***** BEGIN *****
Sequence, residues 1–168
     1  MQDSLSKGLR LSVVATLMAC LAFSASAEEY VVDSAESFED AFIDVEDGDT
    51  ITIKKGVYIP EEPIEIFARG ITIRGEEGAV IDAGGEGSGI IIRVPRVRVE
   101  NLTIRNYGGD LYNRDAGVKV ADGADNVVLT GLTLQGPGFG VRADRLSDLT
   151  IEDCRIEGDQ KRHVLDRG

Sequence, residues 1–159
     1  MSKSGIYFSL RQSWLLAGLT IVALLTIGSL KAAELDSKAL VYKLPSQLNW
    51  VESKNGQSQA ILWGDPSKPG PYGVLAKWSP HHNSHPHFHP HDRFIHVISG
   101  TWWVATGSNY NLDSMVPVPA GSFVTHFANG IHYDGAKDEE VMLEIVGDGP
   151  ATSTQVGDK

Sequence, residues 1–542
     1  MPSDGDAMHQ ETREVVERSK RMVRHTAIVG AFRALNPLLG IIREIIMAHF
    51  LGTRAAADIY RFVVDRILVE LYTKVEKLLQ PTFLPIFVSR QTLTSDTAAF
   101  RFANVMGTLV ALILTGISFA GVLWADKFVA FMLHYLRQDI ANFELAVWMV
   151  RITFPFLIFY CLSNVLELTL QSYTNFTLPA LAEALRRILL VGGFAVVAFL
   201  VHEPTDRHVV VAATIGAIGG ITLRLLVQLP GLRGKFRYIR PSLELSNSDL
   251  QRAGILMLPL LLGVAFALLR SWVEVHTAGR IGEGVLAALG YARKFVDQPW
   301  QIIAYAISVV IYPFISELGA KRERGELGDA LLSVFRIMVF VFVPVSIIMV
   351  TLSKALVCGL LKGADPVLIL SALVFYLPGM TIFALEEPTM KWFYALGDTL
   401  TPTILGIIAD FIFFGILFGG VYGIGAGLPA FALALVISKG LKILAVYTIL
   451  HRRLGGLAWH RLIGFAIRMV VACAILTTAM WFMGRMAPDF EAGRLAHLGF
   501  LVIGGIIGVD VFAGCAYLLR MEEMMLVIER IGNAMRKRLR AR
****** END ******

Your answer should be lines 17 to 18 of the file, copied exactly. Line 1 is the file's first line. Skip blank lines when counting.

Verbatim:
   251  QRAGILMLPL LLGVAFALLR SWVEVHTAGR IGEGVLAALG YARKFVDQPW
   301  QIIAYAISVV IYPFISELGA KRERGELGDA LLSVFRIMVF VFVPVSIIMV